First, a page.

Bulgaria’s Constitutional Court decided to call on Delyan Peevski – the man whose appointment as director of the State Agency for National Security (SANS) in June sparked more than 100 days of anti-government protests – to appear in front of the court on October 8, before ruling on whether Peevski should remain a member of Parliament.
The decision appears to break with court practice in that, previously, parties subject to the Constitutional Court’s rulings have been asked to present their position in writing, rather than appear in front of the court.
This circumstance, according to reports in Bulgarian media, has caused some tension inside the court, with the Constitutional Court’s chairperson Dimitar Tokushev asking that Peevski be heard by the court, while the judge assigned to the case, Roumen Nenkov, in disagreement.
At the same time, the law requires the court to give MPs who risk losing their parliamentary seats the opportunity to present their case in person, news website Mediapool.bg said.
Peevski, who was elected to Parliament on the ticket of the predominantly ethnic Turk Movement for Rights and Freedoms, was elected director of SANS on June 14, triggering the first in the series of ongoing protest rallies that demand the government’s resignation.
The legal quandary in this case is that Peevski’s resignation from Parliament was never voted by his fellow MPs, as is required by law; according to reports in Bulgarian media, he submitted such a request, but later withdrew it.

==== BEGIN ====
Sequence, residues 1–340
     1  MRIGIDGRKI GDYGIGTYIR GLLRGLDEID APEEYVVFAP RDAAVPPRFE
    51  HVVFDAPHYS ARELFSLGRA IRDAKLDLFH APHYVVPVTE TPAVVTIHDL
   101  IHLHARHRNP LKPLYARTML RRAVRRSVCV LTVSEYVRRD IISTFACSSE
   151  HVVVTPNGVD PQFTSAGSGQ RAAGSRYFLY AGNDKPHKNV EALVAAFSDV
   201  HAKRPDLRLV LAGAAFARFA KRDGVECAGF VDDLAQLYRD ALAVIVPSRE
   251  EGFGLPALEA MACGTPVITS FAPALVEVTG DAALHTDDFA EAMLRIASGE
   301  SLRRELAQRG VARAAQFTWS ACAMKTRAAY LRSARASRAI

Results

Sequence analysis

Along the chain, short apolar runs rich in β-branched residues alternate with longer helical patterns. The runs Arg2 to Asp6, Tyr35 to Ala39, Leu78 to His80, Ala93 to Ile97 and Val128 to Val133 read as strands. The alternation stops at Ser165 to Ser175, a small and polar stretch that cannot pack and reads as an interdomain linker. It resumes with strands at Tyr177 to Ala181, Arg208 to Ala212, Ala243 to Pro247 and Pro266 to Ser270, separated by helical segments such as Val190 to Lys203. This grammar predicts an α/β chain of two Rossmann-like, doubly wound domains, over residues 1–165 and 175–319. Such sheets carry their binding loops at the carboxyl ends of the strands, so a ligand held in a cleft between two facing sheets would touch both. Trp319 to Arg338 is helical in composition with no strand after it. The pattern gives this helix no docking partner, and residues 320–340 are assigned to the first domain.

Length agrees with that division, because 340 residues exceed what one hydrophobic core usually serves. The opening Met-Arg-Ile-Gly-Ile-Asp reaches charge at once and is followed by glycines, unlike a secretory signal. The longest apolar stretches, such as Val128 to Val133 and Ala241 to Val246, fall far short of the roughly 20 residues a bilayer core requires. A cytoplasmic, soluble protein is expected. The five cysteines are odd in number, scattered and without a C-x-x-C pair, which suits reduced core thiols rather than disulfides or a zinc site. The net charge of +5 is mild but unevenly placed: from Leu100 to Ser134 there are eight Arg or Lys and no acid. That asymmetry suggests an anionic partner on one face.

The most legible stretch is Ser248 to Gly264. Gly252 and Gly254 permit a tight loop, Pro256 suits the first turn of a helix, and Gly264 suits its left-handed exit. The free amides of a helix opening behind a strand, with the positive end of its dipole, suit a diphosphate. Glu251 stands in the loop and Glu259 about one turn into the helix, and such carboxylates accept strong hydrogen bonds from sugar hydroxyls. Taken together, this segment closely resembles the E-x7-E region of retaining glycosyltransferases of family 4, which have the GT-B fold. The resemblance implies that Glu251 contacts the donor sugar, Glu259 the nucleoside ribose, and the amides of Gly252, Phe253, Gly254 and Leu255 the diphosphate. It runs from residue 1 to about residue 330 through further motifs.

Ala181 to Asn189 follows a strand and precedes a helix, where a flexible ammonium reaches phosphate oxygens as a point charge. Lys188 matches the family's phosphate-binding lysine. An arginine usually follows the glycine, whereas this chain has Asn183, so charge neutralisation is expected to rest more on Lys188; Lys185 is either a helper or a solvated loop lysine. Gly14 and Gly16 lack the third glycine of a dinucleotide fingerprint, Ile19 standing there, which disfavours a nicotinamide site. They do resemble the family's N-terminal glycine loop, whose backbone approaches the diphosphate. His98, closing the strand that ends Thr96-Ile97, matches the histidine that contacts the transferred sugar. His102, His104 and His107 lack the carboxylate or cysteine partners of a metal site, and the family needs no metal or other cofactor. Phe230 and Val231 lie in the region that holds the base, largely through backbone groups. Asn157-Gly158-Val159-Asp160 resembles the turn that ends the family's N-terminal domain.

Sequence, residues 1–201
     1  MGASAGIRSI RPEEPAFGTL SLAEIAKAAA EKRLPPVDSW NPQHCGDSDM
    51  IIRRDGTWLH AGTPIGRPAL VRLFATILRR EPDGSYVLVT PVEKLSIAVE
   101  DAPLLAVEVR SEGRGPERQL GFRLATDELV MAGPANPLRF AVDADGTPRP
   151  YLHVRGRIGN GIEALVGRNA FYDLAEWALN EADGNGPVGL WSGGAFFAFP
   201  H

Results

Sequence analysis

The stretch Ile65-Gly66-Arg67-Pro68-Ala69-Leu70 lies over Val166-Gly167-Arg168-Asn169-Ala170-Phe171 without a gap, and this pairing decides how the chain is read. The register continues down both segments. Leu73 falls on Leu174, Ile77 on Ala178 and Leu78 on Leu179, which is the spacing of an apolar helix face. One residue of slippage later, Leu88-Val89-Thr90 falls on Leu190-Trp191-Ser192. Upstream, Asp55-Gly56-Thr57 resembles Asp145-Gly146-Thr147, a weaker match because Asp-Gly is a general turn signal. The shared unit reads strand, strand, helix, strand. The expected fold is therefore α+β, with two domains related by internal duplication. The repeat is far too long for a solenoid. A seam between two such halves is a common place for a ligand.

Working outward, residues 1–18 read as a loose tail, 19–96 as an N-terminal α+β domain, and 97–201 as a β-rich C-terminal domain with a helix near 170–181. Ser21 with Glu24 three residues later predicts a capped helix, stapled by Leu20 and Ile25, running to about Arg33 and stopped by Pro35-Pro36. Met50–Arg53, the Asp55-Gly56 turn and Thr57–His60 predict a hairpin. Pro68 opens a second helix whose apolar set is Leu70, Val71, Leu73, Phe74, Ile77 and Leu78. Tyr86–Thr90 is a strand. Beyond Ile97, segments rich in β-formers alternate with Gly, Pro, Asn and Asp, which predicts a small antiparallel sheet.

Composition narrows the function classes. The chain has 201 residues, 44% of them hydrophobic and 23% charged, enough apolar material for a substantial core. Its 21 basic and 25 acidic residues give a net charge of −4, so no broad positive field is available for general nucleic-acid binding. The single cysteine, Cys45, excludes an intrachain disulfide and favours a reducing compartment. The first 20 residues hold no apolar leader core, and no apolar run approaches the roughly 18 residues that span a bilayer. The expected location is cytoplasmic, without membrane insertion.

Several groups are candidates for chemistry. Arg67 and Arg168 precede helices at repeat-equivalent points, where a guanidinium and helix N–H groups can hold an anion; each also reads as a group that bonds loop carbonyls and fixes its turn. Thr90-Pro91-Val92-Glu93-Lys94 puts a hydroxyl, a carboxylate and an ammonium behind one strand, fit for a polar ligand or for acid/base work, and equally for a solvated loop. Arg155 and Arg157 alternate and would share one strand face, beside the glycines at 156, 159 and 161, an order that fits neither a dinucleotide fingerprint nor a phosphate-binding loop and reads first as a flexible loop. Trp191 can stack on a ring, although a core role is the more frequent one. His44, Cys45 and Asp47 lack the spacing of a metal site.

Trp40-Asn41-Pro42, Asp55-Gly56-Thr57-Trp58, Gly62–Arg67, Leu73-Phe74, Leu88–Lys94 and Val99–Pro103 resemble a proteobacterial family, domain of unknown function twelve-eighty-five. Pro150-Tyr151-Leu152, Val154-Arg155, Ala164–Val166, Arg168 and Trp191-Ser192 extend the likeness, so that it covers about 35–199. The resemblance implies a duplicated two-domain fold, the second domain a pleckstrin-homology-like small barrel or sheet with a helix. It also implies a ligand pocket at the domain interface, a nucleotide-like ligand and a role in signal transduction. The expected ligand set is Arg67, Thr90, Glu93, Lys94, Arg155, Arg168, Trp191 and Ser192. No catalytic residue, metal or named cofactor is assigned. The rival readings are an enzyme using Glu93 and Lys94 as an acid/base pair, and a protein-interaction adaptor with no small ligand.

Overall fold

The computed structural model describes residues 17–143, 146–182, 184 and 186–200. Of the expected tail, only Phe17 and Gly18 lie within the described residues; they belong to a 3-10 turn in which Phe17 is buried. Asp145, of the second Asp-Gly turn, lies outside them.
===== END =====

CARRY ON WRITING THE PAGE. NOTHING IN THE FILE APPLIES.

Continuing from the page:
After his speedy election, Peevski took the oath of office and held a meeting with the prosecutor-general on the same day, but – as he said in the statement announcing his readiness to step down on June 15 – he had not signed the contract for his new position. Parliament later voted to cancel the appointment on June 19.
According to former constitutional court judge Georgi Markov, quoted by Sega daily at that time, the request for the Constitutional Court to rule in this case was superfluous because the court has already issued rulings in similar cases. In 1993, the court ruled that any MP appointed as director of a state agency automatically lost their standing as an MP, Markov said.
The court decided to also hear socialist MP Ivan Ivanov on October 8. Ivanov was appointed Deputy Interior Minister on June 19, but later in the day the Cabinet’s press service said in a terse statement that Ivanov had been fired as deputy minister.
The statement gave no further details, but reports in several Bulgarian-language media highlighted the ties between Ivanov’s father and the highly-controversial business group SIC, which was influential during the early years of Bulgaria’s transition to democracy in the 1990s.
Bulgaria’s largest opposition party, GERB, asked the Constitutional Court to confirm that Ivanov’s term as an MP ended when his appointment decree was signed – even though his resignation from Parliament, just like in Peevski’s case, was never voted by Parliament.
(Peevski, in the middle of the top row, on an election poster for MRF for the May 2013 parliamentary elections. Photo: dps.bg)